Simulation Software Helps Nissan Design, Manage Assembly Lines
Manufacturers have known the importance of being discreet since the start of the Industrial Revolution. History has definitely shown this approach to be the best way to safeguard all of a company’s technological, production and assembly secrets.
In recent years, however, manufacturers have also discovered the importance of using a discrete (different spelling) approach to design an assembly line. This approach requires that engineers view the line as a distinct series of events, each of which occurs at a particular instant in time. Between consecutive events, no change in the line is assumed to occur.
Managers at Nissan Motor Iberica SA in Barcelona, Spain, have benefitted from this approach since early 2015 with the help of discrete-event simulation software from Simio LLC. According to Jose Vilar, project manager at Nissan Europe headquarters, the software optimizes NV200 van production at the plant by using simulation to determine the most efficient layout of each assembly line.
Vilar says that Simio software was selected because of its ability to help plant managers meet three production challenges. One is monitoring various assembly lines (bodies, chassis, etc.) that converge and move at different speeds. Others are determining the exact number of vehicle carriers required to meet the plant’s projected throughput, and validating that product mixes are always correct.
The software lets Nissan engineers simulate models of current or planned assembly lines to prevent any design and performance problems. Vilar says the engineers especially like the software’s high-quality 3D graphic objects that represent real elements found on the shop floor, such as different vehicle models, carriers and monorails.
“Simio effectively complements our other engineering tools,” explains Vilar. “It easily implements logical movement and synchronizes different lines through a set of instructions. [This] expands our capability to solve more complex problems. We also expect to use it to understand and resolve [production] flow problems of our other vehicle lines.”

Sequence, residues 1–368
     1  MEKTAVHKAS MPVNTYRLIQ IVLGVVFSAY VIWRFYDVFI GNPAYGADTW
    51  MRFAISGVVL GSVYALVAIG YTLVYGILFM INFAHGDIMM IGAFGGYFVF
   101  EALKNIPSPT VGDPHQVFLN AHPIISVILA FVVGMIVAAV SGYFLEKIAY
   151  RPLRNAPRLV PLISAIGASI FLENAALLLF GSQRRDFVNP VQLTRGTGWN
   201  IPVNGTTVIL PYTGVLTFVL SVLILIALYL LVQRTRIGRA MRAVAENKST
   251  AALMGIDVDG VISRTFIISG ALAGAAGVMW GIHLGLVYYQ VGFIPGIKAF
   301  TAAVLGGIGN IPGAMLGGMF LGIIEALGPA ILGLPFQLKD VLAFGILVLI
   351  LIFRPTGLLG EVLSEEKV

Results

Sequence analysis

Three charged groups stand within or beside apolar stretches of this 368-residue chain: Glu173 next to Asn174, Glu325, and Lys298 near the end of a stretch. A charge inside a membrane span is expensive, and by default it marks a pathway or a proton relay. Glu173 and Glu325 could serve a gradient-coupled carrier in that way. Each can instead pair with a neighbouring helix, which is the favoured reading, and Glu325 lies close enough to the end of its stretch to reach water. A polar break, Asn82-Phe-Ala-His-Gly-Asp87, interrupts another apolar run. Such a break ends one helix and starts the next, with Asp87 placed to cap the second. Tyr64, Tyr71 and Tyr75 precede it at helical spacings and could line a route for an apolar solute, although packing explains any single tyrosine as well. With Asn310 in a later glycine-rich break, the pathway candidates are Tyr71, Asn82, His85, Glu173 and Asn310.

The software lets engineers build models in a 3D or 2D view and switch back and forth as needed. Model
construction is simple and involves selecting items from an Object Library and dragging them to a designated area. Several versions of the software are available, all of which directly integrate with Google Warehouse so engineers can download its large library of 3D objects.
The Personal version is free and fully functional for up to five models, 30 objects and 30 steps. The Design edition creates models using process-oriented logic, and enables engineers to create and distribute their own custom modeling libraries. Simio Team software lets users build models, as well as distribute them.
The Enterprise version adds risk-based planning and scheduling so manufacturers can custom-tailor reports, graphs and tables. Finally, there is the cloud-based Simio Portal, which can be accessed from an Internet-connected device using Microsoft’s Azure platform, or from Simio’s desktop products without having to install extra hardware or software.
For more information on discrete-event simulation software, call 877-297-4646 or visit www.simio.com.